March 2019 – Exercise Your Brain

March 2019 – Exercise Your Brain

Embrace Learning

We talk a lot about healthy aging concerning our body, but what about our mind? Our current knowledge of strategies for promoting brain health is limited. However, research suggests two beneficial actions can help: 1) achieve at least 150 minutes of aerobic activity throughout the week to delay the onset of cognitive decline; and 2) eat five one-cup equivalent servings of a variety of fruits and vegetables daily. But beyond exercise and balanced eating, what else can you do? Embrace learning! Your brain has what’s known as plasticity, or the ability to learn and grow as you age. The process of learning new information can stimulate the growth of new brain cells and help prevent cognitive decline over time.

Learning new complex skills strengthens connections between parts of your brain. We know that brain exercises like puzzles and word games can improve the ability to remember and retrieve information. While this is important for brain health, we don’t see the long-term benefits from brain games as we do with learning something new and challenging.

A study, published in the journal Psychological Science, assigned one group of older adults to learn one or more practical skills (quilting, digital photography, or both) and another group to engage in social, but uncomplex activities like watching movies. The practical skills group spent an average of 15 hours per week for three months learning digital photography and/or a computer-based quilting program. Improvements in episodic memory, working memory, and reasoning ability were observed only in those who learned new skills. These improvements had staying power over a year from the study end! Those who learned the more challenging digital photography skills saw the greatest cognitive enhancements, so the more challenging the task, the better!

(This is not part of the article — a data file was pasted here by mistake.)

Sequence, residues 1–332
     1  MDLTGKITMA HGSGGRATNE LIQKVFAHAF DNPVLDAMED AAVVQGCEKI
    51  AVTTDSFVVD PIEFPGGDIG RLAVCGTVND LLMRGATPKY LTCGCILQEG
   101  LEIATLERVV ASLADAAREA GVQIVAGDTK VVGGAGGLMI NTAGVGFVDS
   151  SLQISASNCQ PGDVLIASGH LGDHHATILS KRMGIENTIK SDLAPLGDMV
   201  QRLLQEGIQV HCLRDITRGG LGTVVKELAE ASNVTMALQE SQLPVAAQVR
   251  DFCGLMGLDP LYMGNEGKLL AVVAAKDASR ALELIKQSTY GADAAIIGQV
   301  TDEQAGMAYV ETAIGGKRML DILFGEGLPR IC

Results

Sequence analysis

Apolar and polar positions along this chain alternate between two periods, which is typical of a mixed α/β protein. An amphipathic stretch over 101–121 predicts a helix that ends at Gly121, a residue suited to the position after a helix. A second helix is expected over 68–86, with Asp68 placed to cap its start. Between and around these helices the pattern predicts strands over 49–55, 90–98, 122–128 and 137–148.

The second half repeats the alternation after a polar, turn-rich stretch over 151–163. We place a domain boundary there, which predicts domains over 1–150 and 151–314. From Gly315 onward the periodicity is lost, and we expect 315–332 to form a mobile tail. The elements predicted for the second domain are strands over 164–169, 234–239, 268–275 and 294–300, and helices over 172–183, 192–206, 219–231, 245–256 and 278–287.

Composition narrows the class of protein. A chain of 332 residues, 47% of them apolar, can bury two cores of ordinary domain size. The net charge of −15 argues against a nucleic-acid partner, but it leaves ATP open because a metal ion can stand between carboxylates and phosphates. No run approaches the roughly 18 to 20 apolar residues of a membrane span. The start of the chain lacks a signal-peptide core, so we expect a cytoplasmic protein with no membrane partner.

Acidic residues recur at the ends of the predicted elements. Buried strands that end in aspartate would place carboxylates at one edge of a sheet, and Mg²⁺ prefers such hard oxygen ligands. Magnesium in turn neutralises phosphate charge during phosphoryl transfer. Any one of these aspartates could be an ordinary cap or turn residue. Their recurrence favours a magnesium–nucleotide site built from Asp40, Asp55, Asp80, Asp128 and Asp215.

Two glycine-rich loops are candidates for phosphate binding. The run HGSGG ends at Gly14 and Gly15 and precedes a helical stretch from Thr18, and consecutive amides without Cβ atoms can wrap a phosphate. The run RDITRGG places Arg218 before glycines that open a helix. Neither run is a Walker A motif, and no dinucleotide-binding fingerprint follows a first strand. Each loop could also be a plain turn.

What can you do?

Find a new activity that will be challenging, complex, and require practice.

  • Learn another language – start small by dedicating 10-15 minutes a day to practice.
  • Try quilting! – find a local class and recruit a friend or co-worker to join you.
  • Learn how to knit or crochet – free YouTube video tutorials can be helpful.
  • Dedicate time to increase your ability in an activity you already enjoy.
  • Enroll in a college course, either on-site or online.

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